Thomson Reuters, the world’s leading source of intelligent information for businesses and professionals, on Monday released the annual investment banking analysis for the sub-Saharan Africa region.
According to estimates from Thomson Reuters/Freeman Consulting, fees for investment banking services in sub-Saharan Africa totalled $338.9 million in 2014, down 9 percent compared with 2013 ($371.2m).
Keith Nichols, managing director, Africa, Thomson Reuters, said: “The value of announced M&A transactions involving sub-Saharan African targets reached $28.0 billion during 2014, down 3 percent from last year. Equity and equity-linked issuance in sub-Saharan Africa totaled $6.7 billion in 2014, almost double the value recorded during 2013 ($3.5bn) and the highest annual total since 2007.”
He added: “Sub Saharan African debt issuance reached $18.7 billion during 2014,10 percent less than in 2013, although still the second highest annual total since our records began in the 1970s.”
In respect to investment banking fees, two-thirds of 2014 annual fees were earned during the second half of the year.
Fees from equity capital markets underwriting increased 22 percent year-on year to reach $112.4 million, marking the highest annual total in the region since 2010. Syndicated lending fees also increased from 2013, growing 8 percent to $123.7 million and marking the highest annual total since our records began in 2000.
Fees from advisory on completed M&A transactions fell 22 percent to $64.2 million, accounting for 37 percent of the annual fee pool, while debt capital markets underwriting fees fell 53 percent to $38.6 million. Citi topped the sub-Saharan African fee league table during 2014, with a 9 percent cut of the fees. Standard Bank Group and Barclays followed in second and third positions, respectively.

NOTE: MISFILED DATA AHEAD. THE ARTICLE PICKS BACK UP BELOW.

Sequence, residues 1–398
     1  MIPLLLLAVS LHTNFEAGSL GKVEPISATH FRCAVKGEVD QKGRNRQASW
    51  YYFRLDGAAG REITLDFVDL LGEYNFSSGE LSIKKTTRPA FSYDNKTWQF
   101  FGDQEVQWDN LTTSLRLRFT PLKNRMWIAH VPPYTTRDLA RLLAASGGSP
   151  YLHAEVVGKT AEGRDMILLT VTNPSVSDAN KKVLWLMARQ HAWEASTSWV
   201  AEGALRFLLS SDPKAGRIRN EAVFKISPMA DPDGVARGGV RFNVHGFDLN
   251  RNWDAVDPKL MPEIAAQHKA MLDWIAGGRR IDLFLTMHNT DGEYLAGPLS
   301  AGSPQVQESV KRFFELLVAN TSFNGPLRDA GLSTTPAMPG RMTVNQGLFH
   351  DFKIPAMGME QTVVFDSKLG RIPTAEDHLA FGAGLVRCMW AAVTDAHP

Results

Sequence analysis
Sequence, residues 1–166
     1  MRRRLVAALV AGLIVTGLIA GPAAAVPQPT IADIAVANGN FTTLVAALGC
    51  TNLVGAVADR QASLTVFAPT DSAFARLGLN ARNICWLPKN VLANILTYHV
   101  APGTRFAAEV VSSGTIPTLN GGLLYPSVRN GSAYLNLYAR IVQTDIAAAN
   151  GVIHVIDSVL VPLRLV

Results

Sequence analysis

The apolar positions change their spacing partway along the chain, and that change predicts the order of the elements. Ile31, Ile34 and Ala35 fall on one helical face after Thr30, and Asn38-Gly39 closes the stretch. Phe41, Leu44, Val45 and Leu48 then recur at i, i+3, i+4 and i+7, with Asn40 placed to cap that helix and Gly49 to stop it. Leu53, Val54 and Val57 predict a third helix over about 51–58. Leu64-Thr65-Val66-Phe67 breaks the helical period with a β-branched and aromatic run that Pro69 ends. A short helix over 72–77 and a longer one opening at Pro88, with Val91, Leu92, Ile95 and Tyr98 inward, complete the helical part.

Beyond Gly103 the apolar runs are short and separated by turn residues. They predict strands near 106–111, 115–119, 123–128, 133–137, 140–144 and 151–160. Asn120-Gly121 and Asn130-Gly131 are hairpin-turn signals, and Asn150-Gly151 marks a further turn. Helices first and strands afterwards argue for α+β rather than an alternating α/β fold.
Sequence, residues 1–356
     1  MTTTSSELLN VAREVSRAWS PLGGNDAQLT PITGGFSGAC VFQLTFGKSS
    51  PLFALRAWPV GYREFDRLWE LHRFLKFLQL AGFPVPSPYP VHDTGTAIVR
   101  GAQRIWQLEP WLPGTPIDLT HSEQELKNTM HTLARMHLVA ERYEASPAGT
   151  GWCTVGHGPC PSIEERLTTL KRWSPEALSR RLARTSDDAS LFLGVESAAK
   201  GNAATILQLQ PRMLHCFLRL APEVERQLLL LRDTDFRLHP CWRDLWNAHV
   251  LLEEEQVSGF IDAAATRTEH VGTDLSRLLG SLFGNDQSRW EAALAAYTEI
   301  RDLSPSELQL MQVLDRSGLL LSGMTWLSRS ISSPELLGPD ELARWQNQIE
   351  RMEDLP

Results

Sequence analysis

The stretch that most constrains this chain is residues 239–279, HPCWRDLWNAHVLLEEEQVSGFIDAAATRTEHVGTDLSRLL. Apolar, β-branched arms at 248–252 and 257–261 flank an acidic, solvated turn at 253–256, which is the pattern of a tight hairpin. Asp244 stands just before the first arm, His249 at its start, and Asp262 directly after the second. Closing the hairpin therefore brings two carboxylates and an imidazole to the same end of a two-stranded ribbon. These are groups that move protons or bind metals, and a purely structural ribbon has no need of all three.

As for Mergers & Acquisitions (M&A), the most targeted nation by value was South Africa, accounting for 52 percent of activity, followed by Nigeria (21%) and Mozambique (4%). South Africa was also the most active buyer in the region, while the United Kingdom was the most active foreign buyer.
Steinhoff International Holdings agreed to buy South African clothing retailer Pepkor for $5.6 billion in November 2014. The deal involved the purchase of a 52.5 percent stake from Titan Premier Investments and a 39.9 percent stake from Brait Mauritius Ltd. It is the largest deal in the region since Bharti Airtel’s $10.7 billion purchase of Zain’s African assets in 2010. Boosted by this deal, Retail was the most active sector in 2014, accounting for 21 percent of M&A activity.
Barclays topped the 2014 announced any Sub Saharan African involvement M&A Ranking, with $7.3 billion.
As for Equity Capital Markets (ECM), proceeds raised from follow-on offerings accounted for 69 percent of ECM activity, while initial public offerings and equity-linked issuance accounted for 19 percent and 12 percent, respectively. 85 percent of deals involved a South African issuer. The financial sector was the most active sector for equity issuance in the region, followed by retail. The largest IPO so far this year was oil company Seplat Ltd’s $541 million dual listing on the London and Nigerian Stock Exchanges in April. Citi took the top spot in the Sub Saharan African Equity Capital Markets league table during 2014, with 15 percent of the market.
The Debt Capital Markets were active as well. The African Development Bank, headquartered in the Ivory Coast, raised $4.2 billion during the course of the year, accounting for over one-fifth of 2014 bond issuance in the region. The Kenyan government raised $2.0 billion in June, the largest bond issued in the region so far this year, followed by a further $1.9 billion in November.
Barclays took the top spot in the sub-Saharan African Debt ranking in 2014 with $2.9 billion, or a 15 percent share. Deutsche Bank and Citi followed in second and third positions.